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Last updated:
19/10/2018

Individual Voluntary Arrangement

  1. Overview
  2. Priority and non-priority debts
  3. Bank accounts and debt
  4. Drawing up a budget sheet
  5. Negotiating reduced payments to your debts
  6. Free Debt Management Plans
  7. Administration Order
  8. Debt Relief Order
  9. Individual Voluntary Arrangement
  10. Bankruptcy
  11. Will I be 'blacklisted'?
  12. Write Offs
  13. What can creditors do if I don't pay?
  14. Should I tell creditors about my mental health?
  15. Getting help from a specialist adviser
  16. Next steps

An Individual Voluntary Arrangement (IVA) is a legally binding arrangement between you and your creditors set up by an Insolvency Practitioner (IP). The agreement is for you to pay less than the total debt over an agreed period of time. After you have made all the payments, the creditors write any remaining debt off.

This option is normally only suitable if you have assets to protect and/or a large amount of debt and can afford minimum monthly payments of approximately £100 per month and/or a lump sum payment.

This option is normally only suitable if you have assets to protect and/or a large amount of debt and can afford monthly payment of approximately £100 per month and/or a lump sum payment.

The IP will draw up a proposal that will set out what you are able to offer and send it to all of your creditors. The creditors then vote on whether they are going to accept the proposal. Creditors holding at least 75% by value of your debt have to vote yes at the meeting for your IVA to be accepted.

You would have to pay the IP a set amount of money each month. They will then take some for their own fees and spread the rest amongst your debts. Most IVAs last for five or six years.

If you have any equity in your home (this means that the house is worth more than the mortgage), you may be asked to apply for secured loans and pay a lump sum. This is called an ‘equity release clause’. If you cannot get a loan, the time you are in the IVA could be extended.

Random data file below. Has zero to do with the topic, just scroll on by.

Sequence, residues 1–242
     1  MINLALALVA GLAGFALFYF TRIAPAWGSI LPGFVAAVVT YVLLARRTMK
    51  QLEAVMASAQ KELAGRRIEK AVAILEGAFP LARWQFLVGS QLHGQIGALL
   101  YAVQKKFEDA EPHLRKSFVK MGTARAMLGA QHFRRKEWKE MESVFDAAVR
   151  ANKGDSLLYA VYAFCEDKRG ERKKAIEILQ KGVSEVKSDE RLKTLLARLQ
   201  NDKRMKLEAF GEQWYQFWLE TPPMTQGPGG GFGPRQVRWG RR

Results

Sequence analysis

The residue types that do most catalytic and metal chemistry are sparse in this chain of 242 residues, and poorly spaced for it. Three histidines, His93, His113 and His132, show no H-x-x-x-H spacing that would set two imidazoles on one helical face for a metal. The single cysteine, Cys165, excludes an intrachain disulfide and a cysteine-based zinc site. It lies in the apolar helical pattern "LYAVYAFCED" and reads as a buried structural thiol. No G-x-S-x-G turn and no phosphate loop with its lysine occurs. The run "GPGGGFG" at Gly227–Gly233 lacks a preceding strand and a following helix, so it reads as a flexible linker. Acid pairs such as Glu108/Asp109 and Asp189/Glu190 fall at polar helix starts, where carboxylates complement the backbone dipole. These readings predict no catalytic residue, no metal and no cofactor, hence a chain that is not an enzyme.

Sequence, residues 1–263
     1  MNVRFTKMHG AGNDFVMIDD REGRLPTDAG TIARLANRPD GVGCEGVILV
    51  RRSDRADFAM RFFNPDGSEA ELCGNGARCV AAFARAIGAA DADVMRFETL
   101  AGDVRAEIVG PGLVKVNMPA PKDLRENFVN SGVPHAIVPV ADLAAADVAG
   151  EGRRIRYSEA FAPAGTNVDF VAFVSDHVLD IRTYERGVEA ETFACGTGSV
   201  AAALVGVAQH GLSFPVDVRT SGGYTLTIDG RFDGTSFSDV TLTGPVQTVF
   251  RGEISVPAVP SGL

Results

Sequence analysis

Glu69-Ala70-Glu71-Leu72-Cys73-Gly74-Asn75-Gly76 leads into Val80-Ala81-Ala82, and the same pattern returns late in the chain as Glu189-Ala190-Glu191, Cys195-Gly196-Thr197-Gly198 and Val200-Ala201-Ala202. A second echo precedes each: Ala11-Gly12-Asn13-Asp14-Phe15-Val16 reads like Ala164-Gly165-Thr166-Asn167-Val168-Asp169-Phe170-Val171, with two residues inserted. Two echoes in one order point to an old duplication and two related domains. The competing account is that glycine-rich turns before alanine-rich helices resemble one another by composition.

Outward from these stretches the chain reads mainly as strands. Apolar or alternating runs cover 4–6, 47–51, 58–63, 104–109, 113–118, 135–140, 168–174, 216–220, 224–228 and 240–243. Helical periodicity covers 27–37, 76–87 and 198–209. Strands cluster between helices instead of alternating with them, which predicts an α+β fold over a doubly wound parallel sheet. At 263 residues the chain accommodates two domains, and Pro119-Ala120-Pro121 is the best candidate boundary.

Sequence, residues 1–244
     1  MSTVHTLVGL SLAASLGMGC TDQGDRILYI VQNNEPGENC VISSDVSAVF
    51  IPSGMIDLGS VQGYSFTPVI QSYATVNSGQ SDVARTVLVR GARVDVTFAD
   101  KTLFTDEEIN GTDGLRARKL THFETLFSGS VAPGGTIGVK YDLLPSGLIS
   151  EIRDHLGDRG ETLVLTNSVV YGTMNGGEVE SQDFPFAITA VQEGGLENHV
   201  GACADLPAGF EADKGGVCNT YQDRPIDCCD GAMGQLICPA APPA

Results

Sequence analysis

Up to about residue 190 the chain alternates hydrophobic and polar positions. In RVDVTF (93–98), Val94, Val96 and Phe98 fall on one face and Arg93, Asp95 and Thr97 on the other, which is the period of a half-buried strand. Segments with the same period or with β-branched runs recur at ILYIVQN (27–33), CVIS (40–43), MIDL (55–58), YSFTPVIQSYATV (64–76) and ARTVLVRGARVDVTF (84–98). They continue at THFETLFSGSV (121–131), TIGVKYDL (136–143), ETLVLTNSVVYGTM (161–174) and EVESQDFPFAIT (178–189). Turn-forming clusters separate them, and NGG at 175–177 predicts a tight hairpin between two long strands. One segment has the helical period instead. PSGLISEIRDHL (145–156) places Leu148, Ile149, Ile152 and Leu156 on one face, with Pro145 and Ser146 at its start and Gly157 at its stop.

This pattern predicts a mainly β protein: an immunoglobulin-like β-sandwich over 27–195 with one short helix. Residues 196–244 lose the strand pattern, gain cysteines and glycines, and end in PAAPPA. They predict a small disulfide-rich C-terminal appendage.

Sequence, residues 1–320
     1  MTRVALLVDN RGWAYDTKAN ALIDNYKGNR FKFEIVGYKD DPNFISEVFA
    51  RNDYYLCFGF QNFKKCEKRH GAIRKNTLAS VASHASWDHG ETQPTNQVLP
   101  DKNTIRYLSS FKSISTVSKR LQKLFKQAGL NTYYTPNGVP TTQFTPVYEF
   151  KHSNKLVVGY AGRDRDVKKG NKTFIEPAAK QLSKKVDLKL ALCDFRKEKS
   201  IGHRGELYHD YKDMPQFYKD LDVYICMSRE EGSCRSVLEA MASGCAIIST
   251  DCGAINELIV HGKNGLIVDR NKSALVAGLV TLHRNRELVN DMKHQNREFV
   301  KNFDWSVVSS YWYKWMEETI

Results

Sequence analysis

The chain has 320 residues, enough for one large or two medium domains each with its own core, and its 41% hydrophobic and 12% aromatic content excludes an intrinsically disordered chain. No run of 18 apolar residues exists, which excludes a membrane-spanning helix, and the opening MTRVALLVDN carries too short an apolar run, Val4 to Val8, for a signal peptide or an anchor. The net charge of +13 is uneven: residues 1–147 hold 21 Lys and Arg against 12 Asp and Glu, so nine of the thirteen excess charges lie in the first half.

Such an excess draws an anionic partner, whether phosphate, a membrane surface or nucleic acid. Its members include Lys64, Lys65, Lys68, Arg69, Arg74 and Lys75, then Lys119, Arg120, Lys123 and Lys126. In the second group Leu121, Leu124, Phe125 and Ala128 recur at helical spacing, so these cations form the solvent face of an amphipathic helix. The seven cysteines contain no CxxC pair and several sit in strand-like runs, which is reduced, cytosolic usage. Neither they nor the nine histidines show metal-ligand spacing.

Important points to remember about an IVA:

  • You should get free independent advice before selecting an IVA. Companies can sell you IVAs that are more expensive than they need to be.
  • You have to be confident that you can stick to the payments for the IVA for the full term. If your income goes up and down, this may not be an option for you. The IVA would fail if you can’t keep to the payments.
  • You generally have to be able to pay quite a high amount each month.
  • An IVA will appear on your credit reference file for 6 years. This means getting credit will be harder during this time.
  • If you have an IVA, your creditors have accepted that you will pay them through the insolvency practitioner. This means that they will stop contacting you.
  • If you are a homeowner, the insolvency practitioner could ask you to re-mortgage or try and get a secured loan against your home to pay a lump sum into the IVA.
  • You have to pay fees, however you should be able to pay these in monthly instalments.

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Within this subject

  1. Overview
  2. Priority and non-priority debts
  3. Bank accounts and debt
  4. Drawing up a budget sheet
  5. Negotiating reduced payments to your debts
  6. Free Debt Management Plans
  7. Administration Order
  8. Debt Relief Order
  9. Individual Voluntary Arrangement
  10. Bankruptcy
  11. Will I be 'blacklisted'?
  12. Write Offs
  13. What can creditors do if I don't pay?
  14. Should I tell creditors about my mental health?
  15. Getting help from a specialist adviser
  16. Next steps
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